Yesterday started just like any other. I threw an outfit together, brushed my teeth, walked my dog, then headed out the door to endure my lovely 40 minute drive to work. As soon as I cranked the car and began listening to my usual morning show, Rod Ryan Show on 94.5 The Buzz, I then realized it wasn’t “just another day.”
Chris Cornell’s recognizable, golden voice started singing a cover of “Nothing Compares 2 U.” I kept thinking to myself, “Damn, this is a really good cover. I might actually start crying. But it’s kind of sad. Why are they playing this at 7:30 in the morning?”
When the song concluded, the words from the radio host seemed to blur together, like when someone is telling you bad news and you just… zone out. I instinctively knew they were going to announce the death of Chris Cornell. It wasn’t until they actually said it that my mouth dropped open…
One of my first posts talks about the grunge music that bloomed out of Seattle. I specifically mention Temple of the Dog’s “Hunger Strike” and how it made me appreciate my life more. I even quote Cornell’s perspective on the lyrics.
Upon returning to Texas, nostalgia resonated within me. I listened to a decent portion of my personal 90’s playlist on the plane. Later that evening once we had been home (and had a few margaritas), I blared “Hunger Strike” by Temple of the Dog in our bedroom. It just seemed like a natural thing to do: to feel free, sing the lyrics, hold my love, and enjoy the moment.
The song was written in honor of Chris Cornell’s friend, Andrew Wood (singer of Mother Love Bone), who died from a heroin overdose. Cornell says, “I was wanting to express the gratitude for my life but also disdain for people where that’s not enough, where they want more” (Crowe). I understood that concept in the moments of being home. I felt like I fell into that category, especially in the last several months. I had taken so many things, especially my life, for granted. I thought going to Seattle would cure my woes of the daily grind. And it did for the few days we were there. I wasn’t stressed or worried about work, working out, expectations, or anything. Instead, I was able to breathe the fresh air and involuntarily smile.
It’s disheartening to look back on those words now, knowing Cornell is no longer with us. And the irony is that song makes me feel alive during my lowest moments. I can relate to Cornell, as I have dealt with depression for nearly half of my life. Only in the last year or so have I actually taken steps to become healthy. A pill doesn’t always work. Sometimes, our hearts and our minds overwhelm us to the point where we feel like we have no other option of escaping whatever type of pain we are feeling. And it is the most unfortunate, darkest last resort…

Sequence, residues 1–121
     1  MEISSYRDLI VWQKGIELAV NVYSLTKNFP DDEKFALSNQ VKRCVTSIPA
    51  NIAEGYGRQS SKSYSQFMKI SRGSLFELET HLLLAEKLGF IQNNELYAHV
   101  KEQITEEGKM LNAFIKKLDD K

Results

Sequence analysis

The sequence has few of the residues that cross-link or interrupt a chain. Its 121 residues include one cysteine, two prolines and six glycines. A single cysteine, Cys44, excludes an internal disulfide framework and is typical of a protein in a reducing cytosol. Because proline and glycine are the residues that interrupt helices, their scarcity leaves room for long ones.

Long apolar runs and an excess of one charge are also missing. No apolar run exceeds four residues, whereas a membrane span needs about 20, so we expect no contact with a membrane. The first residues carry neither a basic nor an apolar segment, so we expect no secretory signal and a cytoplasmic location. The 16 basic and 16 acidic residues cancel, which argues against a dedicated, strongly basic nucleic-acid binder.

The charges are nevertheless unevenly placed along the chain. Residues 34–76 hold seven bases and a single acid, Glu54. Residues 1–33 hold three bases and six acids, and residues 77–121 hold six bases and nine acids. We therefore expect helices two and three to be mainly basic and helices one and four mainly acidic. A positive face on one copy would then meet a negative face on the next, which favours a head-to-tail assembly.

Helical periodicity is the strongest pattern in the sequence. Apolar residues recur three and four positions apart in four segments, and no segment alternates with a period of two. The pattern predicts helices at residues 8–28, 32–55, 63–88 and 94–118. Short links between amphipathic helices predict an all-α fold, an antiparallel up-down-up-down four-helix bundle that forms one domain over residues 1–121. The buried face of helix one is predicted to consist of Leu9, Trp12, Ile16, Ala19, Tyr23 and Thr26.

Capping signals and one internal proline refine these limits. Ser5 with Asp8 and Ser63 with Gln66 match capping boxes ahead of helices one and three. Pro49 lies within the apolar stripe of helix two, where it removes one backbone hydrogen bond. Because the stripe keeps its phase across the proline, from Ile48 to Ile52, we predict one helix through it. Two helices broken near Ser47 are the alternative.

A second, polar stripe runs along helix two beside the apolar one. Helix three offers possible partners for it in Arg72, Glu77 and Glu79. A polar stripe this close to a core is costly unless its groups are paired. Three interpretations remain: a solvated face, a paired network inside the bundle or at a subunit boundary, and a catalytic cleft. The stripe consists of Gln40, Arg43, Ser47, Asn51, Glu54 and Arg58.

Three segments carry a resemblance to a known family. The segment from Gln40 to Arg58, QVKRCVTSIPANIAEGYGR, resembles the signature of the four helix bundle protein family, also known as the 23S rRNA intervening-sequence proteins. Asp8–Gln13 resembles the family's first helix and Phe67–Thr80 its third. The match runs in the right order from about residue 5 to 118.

“And whenever I’ve been in any kind of depression, I’ve over the years tried to not only imagine what it feels like to not be there, but try to remind myself that I could just wake up the next day and it could be gone because that happens, and not to worry about it. And at the same time, when I’m feeling great, I remember the depression and think about the differences in what I’m feeling and why I would feel that way, and not be reactionary one way or the other. You just have to realize that these are patterns of life and you just go through them.” – What Chris Cornell Has Said About Depression and Addiction
I wrote to the Rod Ryan Show after hearing the news and discussion of Cornell’s death possibly being ruled as a suicide. They had asked people to e-mail and share their stories. Although I didn’t particularly have a concert story about Cornell, I did have some other insight to share:
…I had a friend who committed suicide when I was in high school… it’s an extremely tough issue to deal with from any perspective. The only thing that got me through was remembering the good things and times about that person. I learned to not blame myself. Therefore, it is up to us, the listeners, the fans, the artists, friends [and] family to listen to Cornell’s voice and he will continue to live on in the incredible art he created as well as the memories he is associated with…
We can’t blame ourselves or anyone else. Now is not the time to point the finger. Depression is a powerful, elusive beast. What we can do, though, is relish in the art Cornell has left behind, and offer our help to others who may be suffering from mental illness and/or suicidal thoughts.
Please contact the National Suicide Prevention Hotline if you or someone you know needs help (1-800-273-8255).
“He hurt so bad like a soul breaking
But he never said nothing to me
So say hello to heaven”
Rest in peace, Chris…